Building energy infrastructure for extreme weather

The first part of the series "The road to resilience − managing extreme weather risks" addresses the key emerging weather risks for the energy industry and how to manage them.

Global warming is the main driver of extreme weather events. It will increase the frequency and severity of events like hurricanes, storm surges, heat waves and ice storms. They will also occur in areas previously unaffected, the report says.

The damage caused by Hurricane Sandy showed what can happen if our infrastructure is not resilient. Other examples include reduced power production in Brazil due to the current drought, ripped transmission lines on the US East Coast as a result of ice storms and breached New Orleans' levees due to Hurricane Katrina.

Soft resilience – building smarter not stronger

Our infrastructure fails because hard resilience measures, such as dams, can't withstand ever-increasing water levels. In other words, they are only built to withstand events of a certain magnitude.

We need to complement hard resilience with soft resilience. It means that key parts of infrastructure must remain intact so that they can immediately resume services following an extreme weather event even if other parts of infrastructure fail. Examples include building elevated transmission stations to protect them from floods or dividing electrical current grids that cover large areas into smaller units. In case of a planned shutdown fewer people are affected. Being smarter not stronger will protect our infrastructure from inevitable future extreme weather events of even greater magnitude.

Financing resilient infrastructure

Implementing soft and hard resilience requires a new regulatory approach and investments. Protecting energy infrastructure assets from extreme weather will add significantly to the IEA-estimated US$48–$53 trn in cumulative global investment needed by 2035, report "The road to resilience - managing and financing extreme weather risk" says.

Financing future energy infrastructure and related soft and hard resilience requires funding from private investors such as pension funds and insurance companies. But to attract private funds, energy investments must provide adequate and stable returns.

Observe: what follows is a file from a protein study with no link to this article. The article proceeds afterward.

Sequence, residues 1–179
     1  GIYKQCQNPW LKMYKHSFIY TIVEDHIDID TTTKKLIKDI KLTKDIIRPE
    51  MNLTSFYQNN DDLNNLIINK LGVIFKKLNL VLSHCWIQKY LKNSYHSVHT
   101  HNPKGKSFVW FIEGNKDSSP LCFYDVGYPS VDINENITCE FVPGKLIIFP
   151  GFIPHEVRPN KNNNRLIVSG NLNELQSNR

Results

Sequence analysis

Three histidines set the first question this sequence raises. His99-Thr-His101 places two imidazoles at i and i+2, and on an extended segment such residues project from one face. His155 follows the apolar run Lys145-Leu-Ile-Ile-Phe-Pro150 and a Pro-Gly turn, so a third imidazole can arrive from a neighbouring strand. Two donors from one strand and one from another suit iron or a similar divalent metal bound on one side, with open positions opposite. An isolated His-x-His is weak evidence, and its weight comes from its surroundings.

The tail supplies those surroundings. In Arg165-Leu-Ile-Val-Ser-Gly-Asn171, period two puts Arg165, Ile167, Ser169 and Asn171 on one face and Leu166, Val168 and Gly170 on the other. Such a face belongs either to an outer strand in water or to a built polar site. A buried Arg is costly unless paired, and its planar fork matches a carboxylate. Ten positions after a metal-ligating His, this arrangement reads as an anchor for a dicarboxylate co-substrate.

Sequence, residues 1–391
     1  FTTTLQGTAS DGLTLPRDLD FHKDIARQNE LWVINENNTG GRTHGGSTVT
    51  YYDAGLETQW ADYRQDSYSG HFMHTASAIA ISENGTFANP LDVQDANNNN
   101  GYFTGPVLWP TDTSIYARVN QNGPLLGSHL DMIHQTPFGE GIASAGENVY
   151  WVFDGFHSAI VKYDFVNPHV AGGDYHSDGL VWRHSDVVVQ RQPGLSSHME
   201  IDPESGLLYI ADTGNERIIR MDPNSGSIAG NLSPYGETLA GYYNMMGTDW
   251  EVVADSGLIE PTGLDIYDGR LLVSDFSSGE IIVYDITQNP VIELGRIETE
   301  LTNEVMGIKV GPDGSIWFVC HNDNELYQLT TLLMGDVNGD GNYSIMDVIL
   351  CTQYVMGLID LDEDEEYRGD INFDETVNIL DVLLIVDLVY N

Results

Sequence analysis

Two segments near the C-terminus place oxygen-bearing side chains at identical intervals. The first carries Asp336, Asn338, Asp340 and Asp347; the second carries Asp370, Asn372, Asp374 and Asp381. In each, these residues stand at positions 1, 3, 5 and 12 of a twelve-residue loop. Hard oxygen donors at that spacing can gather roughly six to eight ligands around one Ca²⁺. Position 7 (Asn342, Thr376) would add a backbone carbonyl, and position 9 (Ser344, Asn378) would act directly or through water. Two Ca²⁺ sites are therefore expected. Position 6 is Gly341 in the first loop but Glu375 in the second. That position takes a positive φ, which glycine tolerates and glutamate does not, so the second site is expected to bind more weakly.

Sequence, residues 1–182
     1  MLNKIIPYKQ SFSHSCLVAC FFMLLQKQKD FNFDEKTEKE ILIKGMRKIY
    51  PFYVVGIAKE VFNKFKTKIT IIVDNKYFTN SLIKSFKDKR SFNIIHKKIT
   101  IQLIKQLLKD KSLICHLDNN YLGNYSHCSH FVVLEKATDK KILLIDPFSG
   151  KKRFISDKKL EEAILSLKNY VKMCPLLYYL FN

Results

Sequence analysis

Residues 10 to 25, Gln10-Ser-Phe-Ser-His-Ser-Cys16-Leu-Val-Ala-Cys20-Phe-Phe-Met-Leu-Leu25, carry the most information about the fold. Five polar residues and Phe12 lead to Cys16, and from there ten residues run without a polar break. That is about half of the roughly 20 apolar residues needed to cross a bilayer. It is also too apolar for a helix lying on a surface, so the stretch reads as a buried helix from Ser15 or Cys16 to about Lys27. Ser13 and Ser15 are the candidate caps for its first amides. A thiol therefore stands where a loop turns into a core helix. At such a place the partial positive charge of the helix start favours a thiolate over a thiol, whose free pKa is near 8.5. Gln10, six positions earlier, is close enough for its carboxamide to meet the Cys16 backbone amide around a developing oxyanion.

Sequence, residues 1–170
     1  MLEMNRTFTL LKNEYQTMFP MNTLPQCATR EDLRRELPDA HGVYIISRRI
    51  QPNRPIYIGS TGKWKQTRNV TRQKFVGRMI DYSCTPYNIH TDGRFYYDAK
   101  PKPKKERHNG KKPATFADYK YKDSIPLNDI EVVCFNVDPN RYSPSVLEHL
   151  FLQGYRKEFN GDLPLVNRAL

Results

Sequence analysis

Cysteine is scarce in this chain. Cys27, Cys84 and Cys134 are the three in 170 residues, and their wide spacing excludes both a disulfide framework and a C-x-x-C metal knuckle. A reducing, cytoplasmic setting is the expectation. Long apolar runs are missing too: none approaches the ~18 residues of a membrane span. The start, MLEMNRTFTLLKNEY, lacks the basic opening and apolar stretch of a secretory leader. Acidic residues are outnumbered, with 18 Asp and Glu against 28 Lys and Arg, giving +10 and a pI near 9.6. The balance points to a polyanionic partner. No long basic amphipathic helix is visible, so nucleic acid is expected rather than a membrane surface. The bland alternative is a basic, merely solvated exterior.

Insurance key for infrastructure development

Decentralized power production through renewable energy sources such as wind and solar enhances energy infrastructure resilience. In the case that some stop working during an extreme weather event, others continue to function, minimizing negative effects. The downside is that they may not produce energy if the wind does not blow and the sun does not shine. This threatens the expected economic returns for private investors – and with it their appetite to invest in this type of energy infrastructure.

That's where insurance comes in. In two pioneering transactions, clients from the hydroelectric and wind industries secured insurance protection against adverse weather. This guarantees stable returns, making the projects economically viable for private investors.

"Building resilient energy infrastructure is possible if regulators, the private sector, project developers and the financial sector work together," says Jürg Trüb, Head of Environmental and Commodity Markets at Swiss Re Corporate Solutions. "We now must implement the right environment for private investors, so we can start building."

Visit World Energy Council's website for more information.